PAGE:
That is, there is no such thing as “I don’t want to see the skating rink anymore.”

Morisi Kvitelashvili: It became difficult for me in sports. When I think about the show, I understand that it brings me pleasure. Today, I feel like I’m just suffering in sports. And I don’t get any positive emotions from what I do, and this is very important. Because I can’t set myself up in such a way as to understand what all this is for. Everything seems to be in vain and for nothing. That is, there is a path, but there are no results.

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Did you have thoughts like, “It would be better if I skated in shows instead of all these competitions”?

Morisi Kvitelashvili: I have had these thoughts all year, to be honest. I thought to retire after the Olympics in Beijing. But this is how I was brought up: If you stay in sports, you have to fight. Athletes are accustomed to reaching the end of everything; you can’t quit halfway.

I had a similar story in Italy: two stages of the Grand Prix didn’t work out for me, so that’s why I hesitated to leave for Moscow. Because it looks like I’m giving up. It didn’t work out here, so I would go back. It’s kind of unsportsmanlike. Therefore, at home I also have a feeling of unfinished business all the time. It is a terrible state, to be honest, to live with the feeling that you have given up.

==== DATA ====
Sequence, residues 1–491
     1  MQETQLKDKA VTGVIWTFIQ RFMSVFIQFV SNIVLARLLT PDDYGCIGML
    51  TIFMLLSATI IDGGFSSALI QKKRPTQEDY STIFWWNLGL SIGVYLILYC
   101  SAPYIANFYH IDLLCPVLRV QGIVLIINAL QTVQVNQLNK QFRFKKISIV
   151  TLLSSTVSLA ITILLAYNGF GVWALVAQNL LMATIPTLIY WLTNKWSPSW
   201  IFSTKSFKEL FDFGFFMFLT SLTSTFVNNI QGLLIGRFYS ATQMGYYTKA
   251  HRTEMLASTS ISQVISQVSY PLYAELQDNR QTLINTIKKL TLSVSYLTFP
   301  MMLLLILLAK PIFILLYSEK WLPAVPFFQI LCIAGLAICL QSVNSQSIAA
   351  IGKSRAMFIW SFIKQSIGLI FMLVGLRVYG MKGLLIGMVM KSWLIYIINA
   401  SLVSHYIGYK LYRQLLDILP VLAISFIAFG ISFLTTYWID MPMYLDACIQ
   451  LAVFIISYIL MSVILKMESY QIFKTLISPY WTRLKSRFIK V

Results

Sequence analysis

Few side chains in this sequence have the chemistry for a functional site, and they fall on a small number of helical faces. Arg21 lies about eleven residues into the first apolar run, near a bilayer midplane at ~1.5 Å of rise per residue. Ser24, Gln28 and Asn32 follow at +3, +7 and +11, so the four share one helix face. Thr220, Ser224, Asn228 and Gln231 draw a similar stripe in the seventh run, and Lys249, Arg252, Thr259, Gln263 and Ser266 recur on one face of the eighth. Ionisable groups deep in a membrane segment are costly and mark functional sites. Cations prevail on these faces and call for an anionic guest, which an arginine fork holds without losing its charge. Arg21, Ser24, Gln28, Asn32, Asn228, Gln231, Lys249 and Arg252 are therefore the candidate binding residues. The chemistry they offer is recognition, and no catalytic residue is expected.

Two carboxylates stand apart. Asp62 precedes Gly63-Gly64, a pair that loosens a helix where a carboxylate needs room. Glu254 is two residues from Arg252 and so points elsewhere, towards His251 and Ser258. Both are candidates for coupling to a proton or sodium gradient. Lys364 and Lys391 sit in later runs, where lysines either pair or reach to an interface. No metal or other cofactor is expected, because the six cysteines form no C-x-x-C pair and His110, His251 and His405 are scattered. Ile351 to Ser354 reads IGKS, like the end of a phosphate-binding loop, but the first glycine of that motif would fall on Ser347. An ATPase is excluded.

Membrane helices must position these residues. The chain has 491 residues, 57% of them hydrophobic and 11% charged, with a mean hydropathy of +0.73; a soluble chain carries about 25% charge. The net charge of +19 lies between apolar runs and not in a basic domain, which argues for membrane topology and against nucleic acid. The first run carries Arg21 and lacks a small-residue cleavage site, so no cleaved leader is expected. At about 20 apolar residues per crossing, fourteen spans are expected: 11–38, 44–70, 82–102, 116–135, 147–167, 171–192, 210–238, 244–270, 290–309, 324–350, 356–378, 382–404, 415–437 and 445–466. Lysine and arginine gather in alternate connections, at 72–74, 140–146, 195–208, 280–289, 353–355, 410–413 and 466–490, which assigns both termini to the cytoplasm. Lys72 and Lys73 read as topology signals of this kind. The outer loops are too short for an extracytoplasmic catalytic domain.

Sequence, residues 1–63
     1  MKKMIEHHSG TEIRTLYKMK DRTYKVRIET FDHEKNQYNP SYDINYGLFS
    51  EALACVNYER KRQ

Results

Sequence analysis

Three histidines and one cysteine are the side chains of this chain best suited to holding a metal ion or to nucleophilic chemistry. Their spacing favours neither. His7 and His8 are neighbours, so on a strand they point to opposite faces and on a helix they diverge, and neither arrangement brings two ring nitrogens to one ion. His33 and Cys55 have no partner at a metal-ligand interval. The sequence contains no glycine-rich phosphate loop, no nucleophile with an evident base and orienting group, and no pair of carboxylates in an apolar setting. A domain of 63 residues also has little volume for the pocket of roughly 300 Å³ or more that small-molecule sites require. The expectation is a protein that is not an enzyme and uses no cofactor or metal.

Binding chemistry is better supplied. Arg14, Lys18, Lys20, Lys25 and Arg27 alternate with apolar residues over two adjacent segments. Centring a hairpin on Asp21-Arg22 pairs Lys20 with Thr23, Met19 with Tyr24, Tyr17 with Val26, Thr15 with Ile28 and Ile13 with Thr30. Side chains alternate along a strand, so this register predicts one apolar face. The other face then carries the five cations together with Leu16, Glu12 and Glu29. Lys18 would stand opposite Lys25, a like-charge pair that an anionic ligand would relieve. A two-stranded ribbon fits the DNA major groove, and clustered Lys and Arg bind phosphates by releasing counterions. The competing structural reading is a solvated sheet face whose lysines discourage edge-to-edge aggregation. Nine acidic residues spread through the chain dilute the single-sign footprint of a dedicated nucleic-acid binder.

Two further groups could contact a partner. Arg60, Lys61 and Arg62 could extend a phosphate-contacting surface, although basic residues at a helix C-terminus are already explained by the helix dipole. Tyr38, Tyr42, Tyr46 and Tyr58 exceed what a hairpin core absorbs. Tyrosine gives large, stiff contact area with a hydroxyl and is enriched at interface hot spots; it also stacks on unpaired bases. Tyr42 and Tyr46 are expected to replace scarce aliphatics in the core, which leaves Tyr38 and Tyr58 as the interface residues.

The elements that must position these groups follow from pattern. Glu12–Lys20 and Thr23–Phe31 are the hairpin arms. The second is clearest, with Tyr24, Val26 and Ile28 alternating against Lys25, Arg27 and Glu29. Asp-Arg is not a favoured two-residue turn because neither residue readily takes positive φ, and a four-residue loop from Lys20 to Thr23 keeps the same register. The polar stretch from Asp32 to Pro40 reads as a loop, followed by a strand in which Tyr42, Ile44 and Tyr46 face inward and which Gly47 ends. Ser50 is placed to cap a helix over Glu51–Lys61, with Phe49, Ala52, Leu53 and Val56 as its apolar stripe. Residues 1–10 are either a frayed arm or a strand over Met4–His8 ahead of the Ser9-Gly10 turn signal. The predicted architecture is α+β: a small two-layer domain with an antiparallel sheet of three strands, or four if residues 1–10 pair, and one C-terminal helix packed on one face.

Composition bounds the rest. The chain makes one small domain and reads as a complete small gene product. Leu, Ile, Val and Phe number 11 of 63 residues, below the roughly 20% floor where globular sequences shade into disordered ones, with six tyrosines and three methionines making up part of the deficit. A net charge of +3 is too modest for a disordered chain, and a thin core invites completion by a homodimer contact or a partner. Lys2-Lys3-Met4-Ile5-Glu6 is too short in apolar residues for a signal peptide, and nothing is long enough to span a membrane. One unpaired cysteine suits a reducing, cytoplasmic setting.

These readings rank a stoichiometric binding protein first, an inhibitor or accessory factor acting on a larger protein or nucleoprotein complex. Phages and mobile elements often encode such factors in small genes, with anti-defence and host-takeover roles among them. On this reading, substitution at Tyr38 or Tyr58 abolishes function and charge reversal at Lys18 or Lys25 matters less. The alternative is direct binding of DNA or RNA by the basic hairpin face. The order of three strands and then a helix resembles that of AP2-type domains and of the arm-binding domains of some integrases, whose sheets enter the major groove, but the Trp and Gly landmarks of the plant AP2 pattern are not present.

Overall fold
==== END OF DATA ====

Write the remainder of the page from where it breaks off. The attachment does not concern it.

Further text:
I have never withdrawn from a competition after a short program, never in my life. I skated with a fever and with poisoning, and I had to rise from such places, which you wouldn’t wish to anyone. I’d rather take a chance and fail than not try. You can’t be careful, you will regret it later—I know that for sure.

And what attracts you more in the future—a coaching career or choreographing programs?

Morisi Kvitelashvili: Everything related to the show. I have already choreographed programs, coached, and participated in the training camp as a coach. But still, I like the show more. Ice performances with a story, plot, or fairy tale, rather than gala programs. I love it; it’s close to me; I like playing with the audience, revealing new characters.